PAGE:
FIG. 3 is a flow diagram of a first method pursuant to aspects of the invention;

FIG. 4 is an image related data entry window pursuant to aspects of the invention;

FIG. 5 is an image transfer window pursuant to aspects of the invention;

FIG. 6 is an image data manipulation window pursuant to aspects of the invention;

FIG. 7 is a processed image data and image related data uploading window pursuant to aspects of the invention; and,

FIG. 8 is a flow diagram of a second method pursuant to aspects of the invention.

DETAILED DESCRIPTION OF THE PREFERRED EMBODIMENT

The present invention is directed towards a method and system for distributed image processing and storage. In particular, the present invention is directed to a system and method that include a user, such as a photographer, who uploads processed image data pertaining to a plurality of images to a host site. Potential customers may view the plurality of images at the host site and may desire to order and pay for a subset of the uploaded images.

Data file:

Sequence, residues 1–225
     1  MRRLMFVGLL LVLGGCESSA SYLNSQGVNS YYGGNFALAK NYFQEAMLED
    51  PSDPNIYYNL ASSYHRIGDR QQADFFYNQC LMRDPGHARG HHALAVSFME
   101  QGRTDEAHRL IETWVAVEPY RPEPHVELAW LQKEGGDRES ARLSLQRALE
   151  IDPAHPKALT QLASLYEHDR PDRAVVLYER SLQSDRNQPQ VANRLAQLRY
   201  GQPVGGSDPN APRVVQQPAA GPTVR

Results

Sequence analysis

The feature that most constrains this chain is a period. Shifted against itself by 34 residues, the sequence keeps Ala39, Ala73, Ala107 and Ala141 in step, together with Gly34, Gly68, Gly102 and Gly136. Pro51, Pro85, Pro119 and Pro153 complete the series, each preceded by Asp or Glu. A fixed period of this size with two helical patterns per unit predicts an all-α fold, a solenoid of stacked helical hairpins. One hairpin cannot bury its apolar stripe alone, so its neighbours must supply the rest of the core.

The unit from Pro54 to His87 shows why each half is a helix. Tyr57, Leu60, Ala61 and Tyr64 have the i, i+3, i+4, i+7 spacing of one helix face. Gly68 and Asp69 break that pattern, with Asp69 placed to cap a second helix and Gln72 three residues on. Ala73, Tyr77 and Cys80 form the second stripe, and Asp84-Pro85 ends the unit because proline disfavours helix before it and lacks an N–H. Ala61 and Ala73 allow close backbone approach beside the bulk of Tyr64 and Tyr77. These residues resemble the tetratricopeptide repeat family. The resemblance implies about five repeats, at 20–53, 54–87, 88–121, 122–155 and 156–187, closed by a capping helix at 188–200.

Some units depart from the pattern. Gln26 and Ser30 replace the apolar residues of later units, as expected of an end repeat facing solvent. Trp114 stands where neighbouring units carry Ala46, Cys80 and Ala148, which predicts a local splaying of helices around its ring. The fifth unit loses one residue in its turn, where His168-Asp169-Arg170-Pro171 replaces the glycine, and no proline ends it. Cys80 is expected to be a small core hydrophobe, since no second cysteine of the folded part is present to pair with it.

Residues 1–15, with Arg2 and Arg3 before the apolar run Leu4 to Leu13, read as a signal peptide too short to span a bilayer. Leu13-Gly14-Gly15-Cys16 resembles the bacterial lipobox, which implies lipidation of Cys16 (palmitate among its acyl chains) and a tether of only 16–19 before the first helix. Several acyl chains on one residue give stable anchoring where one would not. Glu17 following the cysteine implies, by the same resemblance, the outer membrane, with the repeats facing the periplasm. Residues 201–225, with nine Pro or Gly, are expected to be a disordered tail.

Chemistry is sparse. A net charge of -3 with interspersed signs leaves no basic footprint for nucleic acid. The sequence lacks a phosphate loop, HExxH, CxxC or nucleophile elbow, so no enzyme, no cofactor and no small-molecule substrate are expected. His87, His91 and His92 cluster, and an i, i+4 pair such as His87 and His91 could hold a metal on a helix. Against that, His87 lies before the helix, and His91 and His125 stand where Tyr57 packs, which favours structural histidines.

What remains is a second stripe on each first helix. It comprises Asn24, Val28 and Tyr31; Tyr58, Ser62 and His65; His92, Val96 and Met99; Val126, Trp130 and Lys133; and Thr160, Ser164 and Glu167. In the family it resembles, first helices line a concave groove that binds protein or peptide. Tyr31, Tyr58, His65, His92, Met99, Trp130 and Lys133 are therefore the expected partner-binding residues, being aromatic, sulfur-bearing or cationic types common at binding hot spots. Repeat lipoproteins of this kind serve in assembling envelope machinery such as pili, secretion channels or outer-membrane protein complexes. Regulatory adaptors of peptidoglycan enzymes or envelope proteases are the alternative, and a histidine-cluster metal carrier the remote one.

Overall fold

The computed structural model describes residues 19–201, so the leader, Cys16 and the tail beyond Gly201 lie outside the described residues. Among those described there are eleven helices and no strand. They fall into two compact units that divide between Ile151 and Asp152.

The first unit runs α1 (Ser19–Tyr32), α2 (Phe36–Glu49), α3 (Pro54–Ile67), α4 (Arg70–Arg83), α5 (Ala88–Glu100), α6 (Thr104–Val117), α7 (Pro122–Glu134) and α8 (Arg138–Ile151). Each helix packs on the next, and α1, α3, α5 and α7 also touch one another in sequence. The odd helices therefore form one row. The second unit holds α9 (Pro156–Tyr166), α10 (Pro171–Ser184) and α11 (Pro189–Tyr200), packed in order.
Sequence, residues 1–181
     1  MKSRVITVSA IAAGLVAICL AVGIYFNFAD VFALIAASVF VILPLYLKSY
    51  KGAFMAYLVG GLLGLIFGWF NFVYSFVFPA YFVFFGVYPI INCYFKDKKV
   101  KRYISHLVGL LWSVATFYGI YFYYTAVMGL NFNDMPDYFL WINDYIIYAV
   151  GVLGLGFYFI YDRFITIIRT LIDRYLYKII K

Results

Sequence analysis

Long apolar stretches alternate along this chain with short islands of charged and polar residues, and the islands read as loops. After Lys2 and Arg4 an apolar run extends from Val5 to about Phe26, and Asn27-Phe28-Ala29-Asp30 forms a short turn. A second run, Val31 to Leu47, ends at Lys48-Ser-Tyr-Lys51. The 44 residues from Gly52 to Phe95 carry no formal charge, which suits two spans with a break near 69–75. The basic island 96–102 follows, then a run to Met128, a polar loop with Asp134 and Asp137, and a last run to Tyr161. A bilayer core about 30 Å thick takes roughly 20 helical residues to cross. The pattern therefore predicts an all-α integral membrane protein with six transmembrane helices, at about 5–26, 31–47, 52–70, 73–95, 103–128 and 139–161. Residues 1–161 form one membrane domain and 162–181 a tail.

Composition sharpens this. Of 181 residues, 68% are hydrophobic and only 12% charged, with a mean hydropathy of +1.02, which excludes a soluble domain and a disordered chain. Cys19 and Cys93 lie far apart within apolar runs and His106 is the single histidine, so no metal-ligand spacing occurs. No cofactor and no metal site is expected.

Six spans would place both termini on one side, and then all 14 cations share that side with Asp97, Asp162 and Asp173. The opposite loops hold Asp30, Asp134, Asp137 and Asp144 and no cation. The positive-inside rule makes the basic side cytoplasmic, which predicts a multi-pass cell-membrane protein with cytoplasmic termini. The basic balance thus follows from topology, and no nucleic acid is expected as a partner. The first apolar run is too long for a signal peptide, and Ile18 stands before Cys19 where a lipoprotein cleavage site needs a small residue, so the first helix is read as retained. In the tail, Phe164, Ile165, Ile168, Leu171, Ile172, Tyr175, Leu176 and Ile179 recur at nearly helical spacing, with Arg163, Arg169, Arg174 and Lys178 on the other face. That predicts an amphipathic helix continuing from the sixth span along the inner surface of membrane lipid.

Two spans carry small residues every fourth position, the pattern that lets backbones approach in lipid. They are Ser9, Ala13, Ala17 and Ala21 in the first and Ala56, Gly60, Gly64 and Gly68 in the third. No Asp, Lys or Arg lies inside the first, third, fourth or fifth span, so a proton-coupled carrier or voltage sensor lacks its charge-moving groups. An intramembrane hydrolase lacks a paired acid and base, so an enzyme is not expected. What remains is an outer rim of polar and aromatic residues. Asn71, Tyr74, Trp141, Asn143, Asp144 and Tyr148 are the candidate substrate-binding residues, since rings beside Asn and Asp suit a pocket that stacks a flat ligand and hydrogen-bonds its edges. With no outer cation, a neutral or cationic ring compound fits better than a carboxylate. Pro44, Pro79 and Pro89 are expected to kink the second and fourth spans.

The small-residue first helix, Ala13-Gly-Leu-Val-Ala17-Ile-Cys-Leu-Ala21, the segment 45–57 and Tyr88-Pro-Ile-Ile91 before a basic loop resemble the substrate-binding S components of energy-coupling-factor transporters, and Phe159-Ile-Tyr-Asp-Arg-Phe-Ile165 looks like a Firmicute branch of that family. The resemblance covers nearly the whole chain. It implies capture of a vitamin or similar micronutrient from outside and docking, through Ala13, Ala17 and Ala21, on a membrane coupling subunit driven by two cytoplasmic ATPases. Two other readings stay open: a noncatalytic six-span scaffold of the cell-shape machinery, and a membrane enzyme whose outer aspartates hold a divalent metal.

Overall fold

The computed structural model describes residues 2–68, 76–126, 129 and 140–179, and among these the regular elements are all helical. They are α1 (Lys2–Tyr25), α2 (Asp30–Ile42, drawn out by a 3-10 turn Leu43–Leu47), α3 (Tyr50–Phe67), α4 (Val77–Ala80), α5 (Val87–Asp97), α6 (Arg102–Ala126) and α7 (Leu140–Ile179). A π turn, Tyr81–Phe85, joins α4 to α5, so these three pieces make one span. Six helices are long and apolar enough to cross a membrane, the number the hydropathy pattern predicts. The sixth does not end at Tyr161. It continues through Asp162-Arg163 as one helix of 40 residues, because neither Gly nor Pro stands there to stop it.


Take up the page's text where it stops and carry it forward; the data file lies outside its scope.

Pursuant to a first aspect of the invention, a user, such as a photographer, may automatically process digital images at the user computer and automatically upload the images to a host site. When the images are uploaded to the host site, the images are immediately accessible to customers who desire to view and purchase the uploaded images. By allowing users to process the images at the user computer, instead of at the host site, processing resources required by the host site are substantially reduced and otherwise unused resources of the user computer are utilized.